ICCPR, Article 2, paragraph 1: Each State Party to the present Covenant undertakes to respect and to ensure to all individuals within its territory and subject to its jurisdiction the rights recognized in the present Covenant, without distinction of any kind, such as race, colour, sex, language, religion, political or other opinion, national or social origin, property, birth or other status.

While Article 2 of the ICCPR specifies that voting and participation in elections is a universal right not to be denied because of any “status” individuals around the world are systematically or inadvertently disenfranchised based on their status as a member of a certain group. For example, many nations deal with a gender gap in voting, a phenomenon where one gender is more likely to vote in elections than the other. “Traditional theories in participation pointed to a ‘gender gap’ between men and women, where typically more men than women were interested in politics, and would turn out to vote on polling day. However, recent research seems to point to an ‘inverting’ of the gender gap, where women are demonstrating increasing interest in political and electoral processes.” (From IDEA.) Many nations have attempted to deal with gender gaps in voting and political participation through legislative quotas. Quota systems operate in different ways, but in general they reserve a certain number or percentage of candidacy spots or actual seats in a legislative body for women. While quotas can be a very quick and effective way to address the problem of under-representation of women in government, they are controversial and often raise as many issues about the right to vote as they solve. Legislated quota systems of various forms currently are in effect in France, Argentina, South Africa, Namibia, Tanzania, and India.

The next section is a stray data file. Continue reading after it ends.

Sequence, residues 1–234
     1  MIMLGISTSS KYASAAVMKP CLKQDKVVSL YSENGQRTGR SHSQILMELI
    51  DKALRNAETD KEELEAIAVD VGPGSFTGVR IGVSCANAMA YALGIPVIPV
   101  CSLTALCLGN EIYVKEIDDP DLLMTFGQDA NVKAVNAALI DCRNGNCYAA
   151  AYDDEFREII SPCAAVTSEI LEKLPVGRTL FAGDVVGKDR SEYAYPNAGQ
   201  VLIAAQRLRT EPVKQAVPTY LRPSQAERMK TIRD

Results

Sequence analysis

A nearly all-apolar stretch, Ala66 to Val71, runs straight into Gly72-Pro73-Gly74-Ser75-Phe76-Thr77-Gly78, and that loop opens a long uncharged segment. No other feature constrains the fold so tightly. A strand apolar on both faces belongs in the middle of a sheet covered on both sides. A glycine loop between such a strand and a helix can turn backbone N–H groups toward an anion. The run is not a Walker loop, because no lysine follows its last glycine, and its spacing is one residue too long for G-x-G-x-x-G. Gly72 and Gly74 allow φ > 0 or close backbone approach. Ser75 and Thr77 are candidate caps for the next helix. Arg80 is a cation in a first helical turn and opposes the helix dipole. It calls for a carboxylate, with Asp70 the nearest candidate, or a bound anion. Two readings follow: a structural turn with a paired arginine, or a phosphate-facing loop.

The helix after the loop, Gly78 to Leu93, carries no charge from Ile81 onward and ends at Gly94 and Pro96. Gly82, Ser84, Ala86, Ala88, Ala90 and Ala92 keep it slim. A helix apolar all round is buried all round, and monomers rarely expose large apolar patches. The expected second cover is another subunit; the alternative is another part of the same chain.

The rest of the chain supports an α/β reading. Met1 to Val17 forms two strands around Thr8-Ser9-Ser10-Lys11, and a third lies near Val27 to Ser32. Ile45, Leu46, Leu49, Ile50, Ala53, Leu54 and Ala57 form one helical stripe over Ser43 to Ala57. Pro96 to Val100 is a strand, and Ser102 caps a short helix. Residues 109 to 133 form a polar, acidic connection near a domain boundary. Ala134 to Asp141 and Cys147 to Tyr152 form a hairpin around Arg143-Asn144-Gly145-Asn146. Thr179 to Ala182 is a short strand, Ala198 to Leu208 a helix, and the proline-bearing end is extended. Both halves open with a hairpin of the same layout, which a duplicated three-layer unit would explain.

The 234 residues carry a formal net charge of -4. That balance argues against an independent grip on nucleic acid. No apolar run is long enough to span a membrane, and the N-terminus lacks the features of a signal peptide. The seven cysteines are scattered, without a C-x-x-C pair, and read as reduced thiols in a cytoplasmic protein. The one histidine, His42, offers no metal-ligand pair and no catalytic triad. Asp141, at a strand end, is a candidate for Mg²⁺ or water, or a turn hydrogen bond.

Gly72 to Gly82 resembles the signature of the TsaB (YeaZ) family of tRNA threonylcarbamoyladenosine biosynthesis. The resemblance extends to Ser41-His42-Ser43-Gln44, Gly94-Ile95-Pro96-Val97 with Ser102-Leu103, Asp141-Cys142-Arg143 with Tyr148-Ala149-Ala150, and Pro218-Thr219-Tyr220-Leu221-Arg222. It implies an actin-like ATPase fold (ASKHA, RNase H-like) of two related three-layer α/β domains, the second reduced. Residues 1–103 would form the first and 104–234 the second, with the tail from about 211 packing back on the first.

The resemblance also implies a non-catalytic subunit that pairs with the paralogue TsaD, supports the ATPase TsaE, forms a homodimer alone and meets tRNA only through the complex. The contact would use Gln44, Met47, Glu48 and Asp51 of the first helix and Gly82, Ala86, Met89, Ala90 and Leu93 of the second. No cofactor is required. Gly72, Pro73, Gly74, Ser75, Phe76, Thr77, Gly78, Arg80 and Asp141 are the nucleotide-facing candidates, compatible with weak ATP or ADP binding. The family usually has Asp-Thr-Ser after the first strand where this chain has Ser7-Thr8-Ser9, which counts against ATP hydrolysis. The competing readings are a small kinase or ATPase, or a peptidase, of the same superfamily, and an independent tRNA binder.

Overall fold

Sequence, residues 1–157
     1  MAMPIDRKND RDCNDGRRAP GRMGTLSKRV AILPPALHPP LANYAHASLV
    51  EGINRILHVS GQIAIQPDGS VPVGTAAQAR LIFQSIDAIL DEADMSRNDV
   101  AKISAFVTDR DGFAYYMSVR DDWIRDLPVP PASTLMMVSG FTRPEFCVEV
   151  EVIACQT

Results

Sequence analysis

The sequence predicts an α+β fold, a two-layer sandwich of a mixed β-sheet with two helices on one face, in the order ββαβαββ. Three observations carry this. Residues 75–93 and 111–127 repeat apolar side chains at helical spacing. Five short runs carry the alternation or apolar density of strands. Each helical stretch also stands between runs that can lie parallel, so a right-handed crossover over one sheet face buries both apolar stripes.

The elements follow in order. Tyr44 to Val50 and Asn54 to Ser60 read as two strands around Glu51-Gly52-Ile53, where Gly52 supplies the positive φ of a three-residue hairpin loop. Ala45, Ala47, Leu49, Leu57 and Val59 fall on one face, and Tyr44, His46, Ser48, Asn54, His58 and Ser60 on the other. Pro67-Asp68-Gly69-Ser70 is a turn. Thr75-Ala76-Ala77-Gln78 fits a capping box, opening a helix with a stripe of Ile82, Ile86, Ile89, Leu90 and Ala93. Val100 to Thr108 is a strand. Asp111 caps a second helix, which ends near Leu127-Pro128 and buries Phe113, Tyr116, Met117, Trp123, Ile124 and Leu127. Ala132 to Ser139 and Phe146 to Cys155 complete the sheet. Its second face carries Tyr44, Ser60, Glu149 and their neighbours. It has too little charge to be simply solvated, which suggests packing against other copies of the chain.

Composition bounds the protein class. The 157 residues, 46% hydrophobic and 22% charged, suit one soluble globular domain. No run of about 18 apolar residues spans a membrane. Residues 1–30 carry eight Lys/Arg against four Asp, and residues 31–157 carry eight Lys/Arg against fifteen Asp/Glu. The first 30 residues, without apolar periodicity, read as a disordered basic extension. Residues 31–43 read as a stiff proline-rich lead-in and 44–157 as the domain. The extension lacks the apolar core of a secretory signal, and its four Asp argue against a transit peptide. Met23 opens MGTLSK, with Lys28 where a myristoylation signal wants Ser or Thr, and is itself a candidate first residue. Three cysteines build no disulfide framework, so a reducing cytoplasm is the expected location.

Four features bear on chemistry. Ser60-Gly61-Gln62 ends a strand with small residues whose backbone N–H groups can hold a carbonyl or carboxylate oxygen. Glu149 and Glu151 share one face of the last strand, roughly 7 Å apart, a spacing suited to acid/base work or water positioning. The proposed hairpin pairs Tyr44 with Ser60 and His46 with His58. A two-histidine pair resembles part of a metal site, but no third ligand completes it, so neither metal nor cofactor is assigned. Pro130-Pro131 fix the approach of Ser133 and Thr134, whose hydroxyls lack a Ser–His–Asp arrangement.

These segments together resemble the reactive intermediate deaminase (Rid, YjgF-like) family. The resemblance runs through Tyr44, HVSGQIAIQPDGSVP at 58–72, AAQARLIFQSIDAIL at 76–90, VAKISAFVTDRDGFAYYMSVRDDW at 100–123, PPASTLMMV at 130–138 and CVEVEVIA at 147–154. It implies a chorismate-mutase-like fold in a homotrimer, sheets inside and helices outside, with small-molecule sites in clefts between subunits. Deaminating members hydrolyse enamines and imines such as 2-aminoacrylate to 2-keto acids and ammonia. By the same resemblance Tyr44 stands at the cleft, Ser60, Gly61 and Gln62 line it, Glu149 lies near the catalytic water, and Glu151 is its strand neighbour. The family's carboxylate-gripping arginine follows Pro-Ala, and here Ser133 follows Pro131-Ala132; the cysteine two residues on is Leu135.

Another example is the disenfranchisement of those who have been convicted of certain crimes. The following example is an excerpt from a 1998 report by Human Rights Watch’s Sentencing Project.

Today, [in the United States] all mentally competent adults have the right to vote with only one exception: convicted criminal offenders. In forty-six states and the District of Columbia, criminal disenfranchisement laws deny the vote to all convicted adults in prison. Thirty-two states also disenfranchise felons on parole; twenty-nine disenfranchise those on probation. And, due to laws that may be unique in the world, in fourteen states even ex-offenders who have fully served their sentences remain barred for life from voting.

[T]he scale of [disenfranchisement laws] in the United States is unparalleled: an estimated 3.9 million U.S. citizens are disenfranchised, including over one million who have fully completed their sentences. The racial impact of disenfranchisement laws is particularly egregious. Thirteen percent of African American men—1.4 million—are disenfranchised, representing just over one-third (36 percent) of the total disenfranchised population.
Individuals around the world continue to struggle for full enforcement of the ICCPR’s Article 25. Central to this struggle are the many international human rights documents that mirror the principles of Article 25.

It really can’t be much clearer, all human beings have the right to vote.

Back to that question. Do you believe in democracy along with free and fair elections or don’t you? Bernie Sanders does, because it’s the right thing to do.


Click on the banner below to support us on Patreon.


 no name